Mormons mount legal challange

From our man in Denver — A month after his arrest, the work of our old friend Warren Steed Jeffes, leader and prophet of the fundamentalist Mormons, continues in his absence.

 On Monday, a three-judge panel of the 10th U.S. Circuit Court of Appeals formally accepted written arguments submitted earlier this year by a Mormon trio; man wife and prospective wife number two. 

The Utah ménage (all Mormons) are asking the Denver-based federal appeals court to overturn Utah’s ban on polygamy, saying it violates their rights to religion, association and privacy. 

The case is being watched closely by Mormons, who hope the U.S. Supreme Court, will eventually take it up – in 1878 the U.S. Supreme Court upheld the polygamy conviction of George Reynolds, personal secretary to Mormon leader Brigham Young.  

“The sincere and deeply held religious beliefs of J. Bronson, D. Cook and G. Lee Cook are that the doctrine of plural marriage, i.e., a man having more than one wife, is ordained of God and is to be encouraged and practiced,” submitted their lawyer. 

Their legal argument hinges on a case in 2003, when the Supreme Court struck down a Texas ban on chap-on-chap action. They have argued that the state’s ban unconstitutionally targets one religion, and that under the 2003 ruling, striking down Texas laws banning sodomy, polygamy is a private interest that should not be prosecuted.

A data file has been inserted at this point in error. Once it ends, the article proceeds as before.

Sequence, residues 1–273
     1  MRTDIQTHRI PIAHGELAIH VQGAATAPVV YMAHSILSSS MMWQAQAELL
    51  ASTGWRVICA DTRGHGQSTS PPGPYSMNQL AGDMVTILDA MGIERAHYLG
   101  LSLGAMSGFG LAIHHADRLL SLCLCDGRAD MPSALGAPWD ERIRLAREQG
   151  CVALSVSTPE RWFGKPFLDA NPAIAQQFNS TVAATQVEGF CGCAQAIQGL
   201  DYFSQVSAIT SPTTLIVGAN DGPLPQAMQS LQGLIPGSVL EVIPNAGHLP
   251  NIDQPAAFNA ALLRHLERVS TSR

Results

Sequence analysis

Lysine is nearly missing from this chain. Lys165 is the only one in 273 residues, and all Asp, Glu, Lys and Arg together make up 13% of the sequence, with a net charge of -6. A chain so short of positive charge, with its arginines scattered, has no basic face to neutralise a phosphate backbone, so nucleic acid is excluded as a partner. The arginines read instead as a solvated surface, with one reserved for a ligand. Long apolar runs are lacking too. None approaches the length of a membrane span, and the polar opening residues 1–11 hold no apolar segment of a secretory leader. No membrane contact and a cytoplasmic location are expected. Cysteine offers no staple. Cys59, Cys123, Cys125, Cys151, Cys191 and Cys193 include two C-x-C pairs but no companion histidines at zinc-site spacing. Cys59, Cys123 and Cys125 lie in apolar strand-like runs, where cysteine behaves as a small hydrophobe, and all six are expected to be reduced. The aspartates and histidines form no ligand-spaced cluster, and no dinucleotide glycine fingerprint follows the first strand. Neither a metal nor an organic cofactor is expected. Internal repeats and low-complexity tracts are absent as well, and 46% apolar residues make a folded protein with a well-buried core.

“They [Supreme Court] found no compelling state interest in criminalizing homosexual sodomy based on a long history of states and/or a majority of society finding the practice immoral. Similarly, the state of Utah can offer no compelling justification for criminalizing polygamy.”  

Thereby legally conceding from the outset that they (the plaintiffs) are immoral.  

Assistant Utah Attorney General Nancy Kemp said the state’s anti-bigamy law affects all residents, not just members of fundamentalist Mormon sects who continue to hold those beliefs despite a decision by many Mormons to abandon the practice more than 100 years ago. 

“Nothing in the statute suggests that it is to be applied only in the context of religiously motivated plural marriage, and, in fact, it has been applied outside the context of religion,” Kemp wrote. 

Polygamy, along with incest, abduction and forced marriage, has been practiced in Utah since the 1800s, when early members of The Church of Jesus Christ of Latter-day Saints settled the Salt Lake valley.  

The faith officially abandoned these practices in 1890, although they continue among some members privately or in public splinter factions.

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